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Don Gibson: Sad Poet

by Legacy Staff

Don Gibson’s penchant for writing heartbreaking songs of loneliness and loss earned him the nickname “The Sad Poet.”

Don Gibson (1928 – 2003) was a popular country singer and songwriter in the 1950s and ’60s, with a string of hits on the country music charts. Gibson’s penchant for writing heartbreaking songs of loneliness and loss earned him the nickname “The Sad Poet,” and listeners loved those tragic tales. His 1958 No. 1 “Oh Lonesome Me” kicked off a rich career with plenty of sad songs that made it to country’s Top 10.

Just as popular as Gibson’s own recordings were the covers of his songs recorded by other great artists. Here are a few of our favorites.


1. I Can’t Stop Loving You Gibson’s 1957 composition was released as the B-side to Oh Lonesome Me, climbing to No. 7 on the country chart. But that was just the beginning of the amazing life of this emotional song of loss. Over the years since its initial release, I Can’t Stop Loving You has been reinterpreted by more than 700 artists. Roy Orbison, Frank Sinatra, Ella Fitzgerald, Conway Twitty, Kitty Wells, Jim Reeves, Ricky Nelson and Andy Williams are just a few of the hundreds of diverse singers who have recorded the tune. Count Basie released an instrumental version of it. Elvis Presley and Solomon Burke performed it in concerts that were recorded for album releases. Perhaps most successful was Ray Charles‘s 1962 version, included on his groundbreaking album Modern Sounds in Country and Western Music. Charles’s interpretation of Gibson’s beautiful words was a winning combination, and the song was a smash hit.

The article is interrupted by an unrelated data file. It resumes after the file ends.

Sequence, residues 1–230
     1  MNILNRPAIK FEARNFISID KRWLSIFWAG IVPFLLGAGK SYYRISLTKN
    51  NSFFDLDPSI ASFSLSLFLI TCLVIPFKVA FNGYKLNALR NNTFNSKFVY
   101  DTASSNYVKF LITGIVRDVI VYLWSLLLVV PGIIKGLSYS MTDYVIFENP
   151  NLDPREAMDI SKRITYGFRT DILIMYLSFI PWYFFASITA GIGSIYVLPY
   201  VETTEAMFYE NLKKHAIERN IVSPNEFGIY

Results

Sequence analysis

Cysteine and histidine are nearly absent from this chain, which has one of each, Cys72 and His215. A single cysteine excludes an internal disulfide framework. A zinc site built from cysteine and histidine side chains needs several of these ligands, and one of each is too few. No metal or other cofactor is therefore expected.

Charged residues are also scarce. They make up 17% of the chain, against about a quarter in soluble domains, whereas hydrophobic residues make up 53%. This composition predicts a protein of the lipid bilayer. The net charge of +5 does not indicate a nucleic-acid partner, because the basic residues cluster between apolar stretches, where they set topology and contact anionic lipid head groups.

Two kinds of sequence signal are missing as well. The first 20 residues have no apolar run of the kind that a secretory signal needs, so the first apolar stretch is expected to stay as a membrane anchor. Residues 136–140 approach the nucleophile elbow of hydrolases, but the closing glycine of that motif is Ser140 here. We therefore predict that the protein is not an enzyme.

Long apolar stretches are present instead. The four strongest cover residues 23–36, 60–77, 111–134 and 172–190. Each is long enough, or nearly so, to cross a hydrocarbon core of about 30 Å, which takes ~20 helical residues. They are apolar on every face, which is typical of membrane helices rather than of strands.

2. Sweet Dreams Gibson tried twice with Sweet Dreams, first releasing it in 1956 and recording a new version in 1960. Both singles charted in the Top 10 on the country charts, but other interpretations of the hit eclipsed their fame. Faron Young’s version was released in the same year as Gibson’s first attempt, and its greater success – hitting No. 2 on the country charts – may have kept Gibson’s version from wider notice. Even more memorable was Patsy Cline‘s 1963 version. Recorded in the beginning of the year for inclusion on Cline’s Faded Love album, it became a posthumous hit after she died on March 5 of that year. Crossing over to pop-chart success, it was instrumental in bring Cline’s music to a wide audience.

3. Oh Lonesome Me That first No. 1 hit for Don Gibson has also been widely covered. Johnny Cash took it to No. 13 in 1961. Ray Charles included it on his Modern Sounds album, and Nancy Sinatra and Lee Hazlewood recorded a version. Perhaps most notable is Neil Young’s interpretation on his 1970 After the Gold Rush album. A prolific songwriter himself, Young rarely records songs by other composers. For him to choose the Gibson song underscores its quality and importance. Young’s interpretation is quite different from others, turning the bouncy tune into something darker and much sadder. It seems a particularly appropriate way to perform one of the great songs by The Sad Poet.

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